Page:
The Forgotten Beatle- The Story of Jimmie Nicol
On June 3, 1964 Ringo Starr inexplicably collapsed and was rushed to the hospital where it was found he was suffering from severe tonsillitis that required immediate surgery. Unfortunately for the band, Ringo had collapsed literally the day before they were due to embark on their world tour, for which many thousands of tickets had already been sold and a considerable amount of money had been spent booking venues, hotels, etc.
Band manager Brian Epstein wasted no time in making calls to arrange a replacement drummer to stand-in for Ringo while he was recovering. This was much to the annoyance of George Harrison who reportedly told Epstein that “If Ringo isn’t going, then neither am I. You can find two replacements”. John Lennon and Paul McCartney were decidedly less upset with the idea of using a stand-in drummer and with the help of Epstein were eventually able to convince Harrison to soften his position by imploring him to think of the fans who’d be disappointed if they canceled the first part of their tour.
Jimmie Nicol’s name was first brought up by producer George Martin who had worked with him previously and was aware that he’d been the session drummer for an album full of Beatles’ covers simply titled “Beatlemania”, meaning that he was able to play at least some of the Beatles’ back catalogue competently already. This was key given that they had just one day to find and train up a replacement for Ringo.
In what must have been the most surreal day of Nicol’s life, he received a phone call to come down and audition, then upon arrival drummed through a handful of songs, after which he was immediately offered a gig with the most popular band in the world. When he accepted, he was fitted for a suit and had his hair cut into a traditional Beatles moptop. He was now set to go on a world tour as a temporary member of the Beatles.
Exactly how much Nicol was paid for his brief stint with the band has never been confirmed. However, in a rare interview, he claimed that he was offered £2,500 (about £45,000 today) per show, plus an additional £2,500 to temporarily sign with the band’s label. Not bad for a guy who the week before was getting paid about one thousand times less than that per gig. Nicol would later recall, “That night I couldn’t sleep a wink. I was a fucking Beatle!”
And so it was that within 24 hours of meeting with Epstein, Nicol was playing a set with the band in Copenhagen on June 4th in front of thousands of screaming fans. Said Nicol, “The day before I was a Beatle, not one girl would even look me over. The day after, when I was suited up and riding in the back of a limo with John Lennon and Paul McCartney, they were dying just to get a touch of me. It was very strange and quite scary.”
He also later admitted that his time with the band was a real eye opener for him in terms of how the Beatles behaved when the cameras weren’t watching.
“…Paul is not the clean chap he wants the world to see. His love of blonde women and his general dislike of the crowds are not told. John, on the other hand, enjoyed the people, but used his sense of humour to ward off any that he didn’t care for. He also drank in excess. In Denmark, for instance, his head was a balloon. He had drunk so much the night before that he was on stage sweating like a pig. George was not shy at all, as the press has tried to paint him. He was into sex as well as partying all night with the rest of us. I was not even close to them when it came to mischief and carrying on. I thought I could drink and lay women with the best of them until I caught up with these guys.”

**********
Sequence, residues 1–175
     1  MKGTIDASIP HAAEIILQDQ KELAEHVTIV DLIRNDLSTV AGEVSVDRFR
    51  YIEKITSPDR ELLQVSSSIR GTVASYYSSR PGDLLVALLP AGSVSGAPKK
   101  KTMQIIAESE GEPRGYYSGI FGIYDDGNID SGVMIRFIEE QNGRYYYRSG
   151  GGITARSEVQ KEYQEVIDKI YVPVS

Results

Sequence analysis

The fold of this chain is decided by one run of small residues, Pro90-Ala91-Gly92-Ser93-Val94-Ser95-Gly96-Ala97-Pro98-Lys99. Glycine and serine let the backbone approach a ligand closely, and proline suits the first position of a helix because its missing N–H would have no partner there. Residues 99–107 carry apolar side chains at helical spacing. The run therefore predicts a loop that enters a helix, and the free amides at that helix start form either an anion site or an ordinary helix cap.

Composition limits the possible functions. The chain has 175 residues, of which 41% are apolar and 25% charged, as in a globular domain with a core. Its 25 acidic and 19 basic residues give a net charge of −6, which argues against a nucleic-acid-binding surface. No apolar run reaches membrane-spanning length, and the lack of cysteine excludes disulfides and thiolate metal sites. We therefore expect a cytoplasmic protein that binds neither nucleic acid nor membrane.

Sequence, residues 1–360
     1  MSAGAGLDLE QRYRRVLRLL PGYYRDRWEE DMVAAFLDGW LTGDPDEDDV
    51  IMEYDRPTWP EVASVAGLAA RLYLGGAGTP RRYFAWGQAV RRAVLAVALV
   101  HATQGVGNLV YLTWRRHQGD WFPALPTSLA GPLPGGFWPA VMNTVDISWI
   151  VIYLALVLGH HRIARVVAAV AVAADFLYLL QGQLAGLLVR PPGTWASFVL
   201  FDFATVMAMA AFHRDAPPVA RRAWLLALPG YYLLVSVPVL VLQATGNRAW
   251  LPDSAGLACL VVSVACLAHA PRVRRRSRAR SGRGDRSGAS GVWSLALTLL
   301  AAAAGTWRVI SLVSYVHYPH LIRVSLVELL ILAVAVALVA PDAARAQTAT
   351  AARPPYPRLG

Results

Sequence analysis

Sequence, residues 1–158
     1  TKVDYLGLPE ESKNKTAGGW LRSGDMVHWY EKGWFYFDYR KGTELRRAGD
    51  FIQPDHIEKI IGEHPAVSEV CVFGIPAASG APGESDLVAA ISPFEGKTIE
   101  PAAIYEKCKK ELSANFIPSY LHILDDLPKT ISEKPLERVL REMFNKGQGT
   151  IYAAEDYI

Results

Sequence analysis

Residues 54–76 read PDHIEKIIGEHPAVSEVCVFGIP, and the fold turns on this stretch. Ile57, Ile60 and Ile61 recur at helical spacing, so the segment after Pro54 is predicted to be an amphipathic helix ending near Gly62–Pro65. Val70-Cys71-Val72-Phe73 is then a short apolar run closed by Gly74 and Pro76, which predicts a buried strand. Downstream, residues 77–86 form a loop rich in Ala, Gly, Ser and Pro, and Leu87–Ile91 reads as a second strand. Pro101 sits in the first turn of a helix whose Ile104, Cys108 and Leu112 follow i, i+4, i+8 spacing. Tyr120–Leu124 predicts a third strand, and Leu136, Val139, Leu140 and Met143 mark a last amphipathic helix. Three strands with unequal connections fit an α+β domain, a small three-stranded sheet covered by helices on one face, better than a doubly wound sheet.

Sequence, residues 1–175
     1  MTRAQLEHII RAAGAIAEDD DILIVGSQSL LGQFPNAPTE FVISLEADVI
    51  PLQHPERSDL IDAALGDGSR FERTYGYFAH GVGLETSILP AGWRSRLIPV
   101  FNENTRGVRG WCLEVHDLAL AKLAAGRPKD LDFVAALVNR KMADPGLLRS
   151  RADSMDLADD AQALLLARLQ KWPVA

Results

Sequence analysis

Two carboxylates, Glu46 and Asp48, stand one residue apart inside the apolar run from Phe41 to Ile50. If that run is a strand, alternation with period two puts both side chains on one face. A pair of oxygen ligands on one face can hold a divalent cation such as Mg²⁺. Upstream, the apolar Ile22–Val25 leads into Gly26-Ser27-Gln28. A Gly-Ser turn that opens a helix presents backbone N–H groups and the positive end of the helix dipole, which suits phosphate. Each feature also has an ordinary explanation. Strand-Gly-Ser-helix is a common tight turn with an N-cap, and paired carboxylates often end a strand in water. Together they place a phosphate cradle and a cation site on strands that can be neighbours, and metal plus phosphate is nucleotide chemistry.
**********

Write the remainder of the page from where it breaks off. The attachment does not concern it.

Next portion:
Lennon would later say of his time in Amsterdam with Nicol that “When we hit town, we hit it! We were not pissing about. You know, there’s photographs of me grovelling about, crawling about in Amsterdam on my knees, coming out of the whore houses and things like that, and people saying, ‘Good morning, John,’ and all of that. The police escorted me to the places because they never wanted a big scandal.”
As for how the band treated him, Nicol has always been adamant that they were nothing but nice and welcoming to him during the two weeks he spent on tour and that they asked him each day how he was handling everything, to which he would always sheepishly respond “It’s getting better”. According to Edward Hunter Davies, the author of the only authorised biography of the Beatles, this was the original inspiration for the title of the later Beatles song, “Getting better”.
Nicol did admit though that,
I felt like an intruder, as though I had wandered into the most exclusive club in the world. They have their own atmosphere and their own sense of humour. It’s a little clique and outsiders just can’t break in. I loved every minute of it, but after living through it, I don’t ever want to become a Beatle! I nearly went potty! They spend their lives living in little boxes in airliners, hotel rooms and dressing rooms. They live out of suitcases…
I often went out alone. Hardly anybody recognised me and I was able to wander around. In Hong Kong, I went to see the thousands of people who live on little boats in the harbour. I saw the refugees in Kowloon, and I visited a nightclub. I like to see life. A Beatle could never really do that.
As for how Ringo felt while this was happening, the band sent him numerous telegrams while touring making fun of his illness and joking that Nicol was getting comfortable in his suits, with the implication that maybe they might just replace their ailing drummer. Ringo himself had replaced Pete Best after occasionally subbing for Best when he was ill. Ringo would later say, with his tongue firmly in his cheek, “They’d taken Jimmie Nicol and I thought they didn’t love me any more”.
While he only played eight shows with the band, critics were impressed with Nicol’s skill. Jim Berkenstadt, author of The Beatle Who Vanished, stated of Nicol’s performances,